The Highland Lass, our tour boat, was nearly full (it holds 38 passengers) as it left the Englishtown wharf for the Bird Islands. Donelda MacAskill, the tour guide, knows the area well, having fished for lobsters for nearly twenty years with her husband John, who is the boat’s captain. She told us that it was their custom to toss out a mackerel to an eagle who knew that they would; she alerted us well in advance so that those of us who were photographers would have our cameras ready. It was not, therefore, pure luck that I got the fine shot in photo #1.
Photo #2 shows the eagle on its way towards the tour boat, just beginning its descent to capture the fish it knew would be tossed to it.
Photo #3 shows the eagle with its prey returning to its ærie on the slopes of Murray Mountain across St Anns Bay.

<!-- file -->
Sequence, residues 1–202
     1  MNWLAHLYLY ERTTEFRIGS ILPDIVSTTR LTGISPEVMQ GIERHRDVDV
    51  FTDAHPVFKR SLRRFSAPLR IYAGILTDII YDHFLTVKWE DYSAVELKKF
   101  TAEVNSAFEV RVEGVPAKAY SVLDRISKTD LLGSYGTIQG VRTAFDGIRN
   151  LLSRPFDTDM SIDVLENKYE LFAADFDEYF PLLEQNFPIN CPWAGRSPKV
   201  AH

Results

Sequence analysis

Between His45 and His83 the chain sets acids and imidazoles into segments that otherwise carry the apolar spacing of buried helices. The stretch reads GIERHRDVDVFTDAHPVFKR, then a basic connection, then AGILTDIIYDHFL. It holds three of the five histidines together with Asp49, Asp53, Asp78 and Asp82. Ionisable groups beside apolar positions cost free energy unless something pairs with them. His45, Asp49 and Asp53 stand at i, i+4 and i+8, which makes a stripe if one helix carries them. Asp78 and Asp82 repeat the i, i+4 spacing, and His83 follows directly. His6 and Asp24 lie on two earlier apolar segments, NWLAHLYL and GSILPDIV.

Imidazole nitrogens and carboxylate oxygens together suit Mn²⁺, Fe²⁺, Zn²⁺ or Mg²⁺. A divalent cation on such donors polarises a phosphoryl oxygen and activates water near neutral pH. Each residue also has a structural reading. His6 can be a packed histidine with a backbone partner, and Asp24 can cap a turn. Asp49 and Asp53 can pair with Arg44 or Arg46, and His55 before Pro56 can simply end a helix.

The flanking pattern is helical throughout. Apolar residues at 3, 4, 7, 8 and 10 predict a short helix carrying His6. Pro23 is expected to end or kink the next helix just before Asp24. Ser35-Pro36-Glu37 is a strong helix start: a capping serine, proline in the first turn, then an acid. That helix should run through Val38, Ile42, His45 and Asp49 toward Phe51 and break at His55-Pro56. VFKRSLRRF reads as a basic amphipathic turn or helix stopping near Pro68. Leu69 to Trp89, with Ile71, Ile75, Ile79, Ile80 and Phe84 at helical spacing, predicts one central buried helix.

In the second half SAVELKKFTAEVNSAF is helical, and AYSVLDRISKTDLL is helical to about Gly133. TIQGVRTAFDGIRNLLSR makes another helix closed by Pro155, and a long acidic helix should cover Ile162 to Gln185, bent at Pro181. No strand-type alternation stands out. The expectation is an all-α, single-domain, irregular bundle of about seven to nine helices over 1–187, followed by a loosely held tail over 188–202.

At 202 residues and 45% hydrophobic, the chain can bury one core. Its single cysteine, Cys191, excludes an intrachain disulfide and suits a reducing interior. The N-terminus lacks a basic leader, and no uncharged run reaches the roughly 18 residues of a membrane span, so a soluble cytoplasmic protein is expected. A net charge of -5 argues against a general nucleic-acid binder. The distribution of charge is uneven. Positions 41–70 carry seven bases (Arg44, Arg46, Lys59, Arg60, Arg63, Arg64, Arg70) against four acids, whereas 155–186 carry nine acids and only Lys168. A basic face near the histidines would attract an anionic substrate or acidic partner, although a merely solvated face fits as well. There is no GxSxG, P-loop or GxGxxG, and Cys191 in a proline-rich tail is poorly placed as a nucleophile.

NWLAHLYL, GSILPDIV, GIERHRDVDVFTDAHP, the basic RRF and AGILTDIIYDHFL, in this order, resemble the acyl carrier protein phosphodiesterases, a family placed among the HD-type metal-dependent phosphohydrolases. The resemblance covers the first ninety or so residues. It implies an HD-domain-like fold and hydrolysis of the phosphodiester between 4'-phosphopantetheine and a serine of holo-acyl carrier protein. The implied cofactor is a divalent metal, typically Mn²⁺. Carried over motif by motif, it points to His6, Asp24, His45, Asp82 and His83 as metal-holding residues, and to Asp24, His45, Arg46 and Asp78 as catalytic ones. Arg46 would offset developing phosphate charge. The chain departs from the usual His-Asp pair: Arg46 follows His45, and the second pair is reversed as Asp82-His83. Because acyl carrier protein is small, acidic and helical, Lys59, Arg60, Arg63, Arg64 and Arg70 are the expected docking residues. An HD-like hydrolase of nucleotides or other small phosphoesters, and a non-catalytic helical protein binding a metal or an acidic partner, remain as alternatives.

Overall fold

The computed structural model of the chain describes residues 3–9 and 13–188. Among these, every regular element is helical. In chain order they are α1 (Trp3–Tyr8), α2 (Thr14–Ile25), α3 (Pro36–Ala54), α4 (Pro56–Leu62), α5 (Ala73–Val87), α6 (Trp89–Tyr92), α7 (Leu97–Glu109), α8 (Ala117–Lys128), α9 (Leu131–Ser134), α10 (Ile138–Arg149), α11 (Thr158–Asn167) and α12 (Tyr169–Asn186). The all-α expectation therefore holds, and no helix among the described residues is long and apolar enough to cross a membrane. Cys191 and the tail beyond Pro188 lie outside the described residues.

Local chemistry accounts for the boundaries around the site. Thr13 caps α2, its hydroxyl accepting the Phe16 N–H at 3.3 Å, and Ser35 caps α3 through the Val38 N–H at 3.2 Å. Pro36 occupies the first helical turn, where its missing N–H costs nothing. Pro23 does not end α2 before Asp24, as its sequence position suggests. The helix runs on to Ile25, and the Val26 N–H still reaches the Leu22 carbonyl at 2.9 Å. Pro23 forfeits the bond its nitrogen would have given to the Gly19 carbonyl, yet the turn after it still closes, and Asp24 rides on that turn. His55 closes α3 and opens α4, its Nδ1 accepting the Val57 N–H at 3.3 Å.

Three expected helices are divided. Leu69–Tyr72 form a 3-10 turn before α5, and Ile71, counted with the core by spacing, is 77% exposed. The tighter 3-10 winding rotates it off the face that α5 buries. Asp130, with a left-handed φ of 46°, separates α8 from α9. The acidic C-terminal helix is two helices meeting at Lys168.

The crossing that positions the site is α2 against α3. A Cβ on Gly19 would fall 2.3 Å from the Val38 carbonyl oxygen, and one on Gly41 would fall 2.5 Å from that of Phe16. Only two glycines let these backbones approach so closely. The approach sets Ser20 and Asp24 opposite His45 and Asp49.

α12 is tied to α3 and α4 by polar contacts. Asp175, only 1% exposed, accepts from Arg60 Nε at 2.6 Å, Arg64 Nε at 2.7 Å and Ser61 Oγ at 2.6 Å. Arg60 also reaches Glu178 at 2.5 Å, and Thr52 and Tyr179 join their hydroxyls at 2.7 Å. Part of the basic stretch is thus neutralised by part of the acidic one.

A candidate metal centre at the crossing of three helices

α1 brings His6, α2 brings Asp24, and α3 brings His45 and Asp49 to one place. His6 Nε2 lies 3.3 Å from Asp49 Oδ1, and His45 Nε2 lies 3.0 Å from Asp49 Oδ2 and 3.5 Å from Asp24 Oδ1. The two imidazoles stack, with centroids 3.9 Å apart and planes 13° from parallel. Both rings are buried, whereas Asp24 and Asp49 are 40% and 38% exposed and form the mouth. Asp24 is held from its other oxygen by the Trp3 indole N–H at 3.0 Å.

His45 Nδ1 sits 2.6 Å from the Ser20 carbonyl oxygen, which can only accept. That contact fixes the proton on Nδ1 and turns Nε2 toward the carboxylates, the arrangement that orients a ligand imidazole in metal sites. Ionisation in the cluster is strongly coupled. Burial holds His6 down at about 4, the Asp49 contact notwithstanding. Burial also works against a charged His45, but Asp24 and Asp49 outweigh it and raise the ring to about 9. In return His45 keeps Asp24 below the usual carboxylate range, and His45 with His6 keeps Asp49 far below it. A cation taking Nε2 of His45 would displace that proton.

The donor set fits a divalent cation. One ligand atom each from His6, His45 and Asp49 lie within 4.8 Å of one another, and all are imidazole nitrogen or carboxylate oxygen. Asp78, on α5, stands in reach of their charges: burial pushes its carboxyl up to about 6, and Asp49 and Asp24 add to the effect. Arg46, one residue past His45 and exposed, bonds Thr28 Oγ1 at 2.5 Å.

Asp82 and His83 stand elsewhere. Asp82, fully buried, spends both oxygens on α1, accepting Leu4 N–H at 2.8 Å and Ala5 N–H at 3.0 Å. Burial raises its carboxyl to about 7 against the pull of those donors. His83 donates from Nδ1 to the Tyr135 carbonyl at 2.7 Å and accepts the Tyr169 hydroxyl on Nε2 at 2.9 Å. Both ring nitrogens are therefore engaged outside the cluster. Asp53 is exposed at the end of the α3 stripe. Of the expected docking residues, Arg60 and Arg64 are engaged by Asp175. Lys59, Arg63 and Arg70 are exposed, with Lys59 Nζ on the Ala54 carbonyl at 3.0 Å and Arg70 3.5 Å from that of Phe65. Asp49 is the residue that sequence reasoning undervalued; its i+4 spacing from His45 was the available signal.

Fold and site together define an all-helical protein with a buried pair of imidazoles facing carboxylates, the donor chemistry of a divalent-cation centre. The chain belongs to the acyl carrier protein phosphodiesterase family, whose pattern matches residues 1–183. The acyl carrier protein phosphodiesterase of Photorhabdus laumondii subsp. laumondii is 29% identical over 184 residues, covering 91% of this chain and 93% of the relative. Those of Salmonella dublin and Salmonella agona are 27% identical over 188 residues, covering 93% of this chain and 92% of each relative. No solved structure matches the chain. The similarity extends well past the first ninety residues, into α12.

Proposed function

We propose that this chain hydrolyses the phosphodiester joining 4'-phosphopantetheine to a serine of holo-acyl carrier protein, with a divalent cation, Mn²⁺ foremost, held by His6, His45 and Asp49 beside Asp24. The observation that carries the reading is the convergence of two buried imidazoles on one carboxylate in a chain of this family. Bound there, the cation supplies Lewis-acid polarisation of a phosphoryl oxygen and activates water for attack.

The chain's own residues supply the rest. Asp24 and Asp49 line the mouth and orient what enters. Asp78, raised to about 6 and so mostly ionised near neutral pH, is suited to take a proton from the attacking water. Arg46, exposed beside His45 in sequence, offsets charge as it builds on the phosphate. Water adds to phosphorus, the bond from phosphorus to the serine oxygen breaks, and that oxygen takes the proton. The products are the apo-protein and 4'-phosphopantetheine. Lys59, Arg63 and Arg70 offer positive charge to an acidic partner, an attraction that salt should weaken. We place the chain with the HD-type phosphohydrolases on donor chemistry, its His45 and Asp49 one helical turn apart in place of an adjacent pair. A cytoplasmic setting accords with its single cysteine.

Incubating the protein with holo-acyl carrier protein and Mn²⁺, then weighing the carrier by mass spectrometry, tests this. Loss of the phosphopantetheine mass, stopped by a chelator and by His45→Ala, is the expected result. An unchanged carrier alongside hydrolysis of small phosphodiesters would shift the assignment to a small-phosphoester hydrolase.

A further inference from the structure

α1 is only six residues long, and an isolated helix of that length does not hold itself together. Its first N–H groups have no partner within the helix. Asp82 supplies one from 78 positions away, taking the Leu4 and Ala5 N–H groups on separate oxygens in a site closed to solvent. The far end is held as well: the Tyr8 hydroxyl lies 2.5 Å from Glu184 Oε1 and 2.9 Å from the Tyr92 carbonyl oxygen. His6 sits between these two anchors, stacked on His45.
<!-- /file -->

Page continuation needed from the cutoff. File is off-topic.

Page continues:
In photo #3, the narrow spit of land formed of cobblestones and sand washed up by the ocean can be seen on the near shore; Highway 312 crosses that spit of land, which runs nearly north/south and separates Jersey Cove in St Anns Harbour from St Anns Bay, constricting the entrance to the harbour to the narrow channel that the ferry crosses (to the left and out of the scope of this photo). For a more global view of this area that will clarify this distinctive spot for those that do not already know it, see this view.
The houses one sees in photo #3 lie at the base of Murray Mountain along the Jersey Cove Road, which leaves Highway 312 at the northern end of the aforementioned spit of land. Jersey Cove (the water) lies on the other side of the narrow peninsula, hidden in this view by its cobblestones.
I regret to say that I did not watch the eagle long enough to determine where he took his fish: other sights on the east and north side of the boat captured my attention long before he reached the western shore. I am, however, sure he must have enjoyed his prize or he’d not have made the flight across St Anns Bay to get it.